It’s about time. We have been waiting for a few species of shorebirds that generally show up in August. Well, sure enough, here they are.

American golden plovers look a lot like black-bellied plovers but they are more likely found on short-cropped pastures than on tidal flats. Lanny McDowell spotted two golden plovers in a Katama pasture on August 31, and Ken Magnuson found them there again on Sept. 2.

Phillip Edmundson found a buff-breasted sandpiper foraging along the southern shoreline of Watcha Pond on Sept. 1. Steve Allen also spotted one on August 30 at Felix Neck.

Marsh wren. — Lanny McDowell

There are two sandpipers with a very pointed appearance because their wings extend past their tails they are very difficult to identify! On August 31, Jeff Peters found the less common of the two, a Baird’s sandpiper, on Norton Point Beach. The other one, a white-rumped sandpiper, has been here a bit longer. Walt Looney was the first to see one back on August 12, at Little Beach. Luanne Johnson and Pete Gilmore co-led my August 25 guided birding tour, and spotted two of them on Little Beach. Then, on August 28, Merril and Andrew Eppidio spotted one on Norton Point Beach.

Andrew and Merril Eppidio also spotted black terns twice, once on August 28 at Little Beach and again on August 30 on Cape Pogue. There were two black terns at Little Beach over the Labor Day weekend, and Lanny McDowell spotted one on Sarson’s Island on Sept. 2.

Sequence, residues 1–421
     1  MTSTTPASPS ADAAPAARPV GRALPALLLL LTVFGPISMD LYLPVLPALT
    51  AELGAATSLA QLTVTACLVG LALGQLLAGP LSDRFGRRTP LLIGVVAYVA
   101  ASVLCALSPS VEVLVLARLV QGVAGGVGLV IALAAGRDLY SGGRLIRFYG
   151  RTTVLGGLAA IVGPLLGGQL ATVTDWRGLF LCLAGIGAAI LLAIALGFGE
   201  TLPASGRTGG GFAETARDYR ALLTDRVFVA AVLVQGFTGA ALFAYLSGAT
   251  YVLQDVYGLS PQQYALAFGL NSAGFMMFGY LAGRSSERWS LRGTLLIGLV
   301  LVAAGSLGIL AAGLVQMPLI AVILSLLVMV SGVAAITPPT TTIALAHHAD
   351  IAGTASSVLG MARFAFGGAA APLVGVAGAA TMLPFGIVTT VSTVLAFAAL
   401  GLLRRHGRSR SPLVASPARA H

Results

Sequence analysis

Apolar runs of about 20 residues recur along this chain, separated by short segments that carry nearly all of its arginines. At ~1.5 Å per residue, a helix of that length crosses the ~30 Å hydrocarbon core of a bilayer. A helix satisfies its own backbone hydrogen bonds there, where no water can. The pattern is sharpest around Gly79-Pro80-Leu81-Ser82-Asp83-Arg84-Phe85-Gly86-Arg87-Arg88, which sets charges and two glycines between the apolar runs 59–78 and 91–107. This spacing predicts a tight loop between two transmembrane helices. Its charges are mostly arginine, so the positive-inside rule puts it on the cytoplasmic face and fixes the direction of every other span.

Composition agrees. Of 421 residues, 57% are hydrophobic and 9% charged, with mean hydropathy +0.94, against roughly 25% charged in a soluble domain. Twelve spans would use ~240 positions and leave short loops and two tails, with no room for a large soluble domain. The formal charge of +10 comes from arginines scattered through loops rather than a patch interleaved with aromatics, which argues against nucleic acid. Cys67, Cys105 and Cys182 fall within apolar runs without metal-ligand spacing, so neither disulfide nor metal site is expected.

Little Beach was the place to go over the Labor Day weekend. Seven birders were there at different times: Warren Woessner, Walt Looney, Lanny McDowell, Jeff Bernier, Doreen and Dennis McCabe, and my Sept. 1 guided birding tour. On Sept 1 and 2 we found 250 double-crested cormorants, at least 700 common terns (some were roosting while many others were flying out into Nantucket Sound to forage), 100 roseate terns, two black terns, one American golden plover, 20 greater yellowlegs, five lesser yellowlegs, four piping plovers, three American oystercatchers, 10 black bellied plovers, 21 semipalmated plovers, 15 ruddy turnstones, 10 least sandpipers, 20 semipalmated sandpipers, 30 sanderling, one osprey, one red-tailed hawk (perched on the dormer of a house along Fuller street), one cedar waxwing, three tree swallows, 60 herring gulls, 10 ring-billed gulls, five great black-backed gulls, 20 laughing gulls, and a non-breeding plumage Bonaparte’s gull.

Wow, 24 species. Notable for their absence were the 14 black skimmers that have been observed there throughout August, and the usually vocal and conspicuous willets.

A black tern and common terns. — Lanny McDowell

A solitary sandpiper — yes, there was only one of them ­— was found at James Pond on August 27 by Pete Gilmore. He also spotted two whimbrel flying over James Pond on August 30.

The numbers of black skimmers on Norton Point has built up to at least 56, as reported by Merrill Eppedio on August 28 and Dennis and Doreen McCabe on August 29.

On August 21 on Norton Point, Walt Looney found a northern harrier, the black skimmers, black-bellied plovers, two short-billed dowitchers, oystercatchers, ruddy turnstones, willets and sanderlings. He also reports that seven killdeer were alongside the pond at Sweetened Water Preserve. Sarah Mayhew also spotted the short-billed dowitchers on August 31.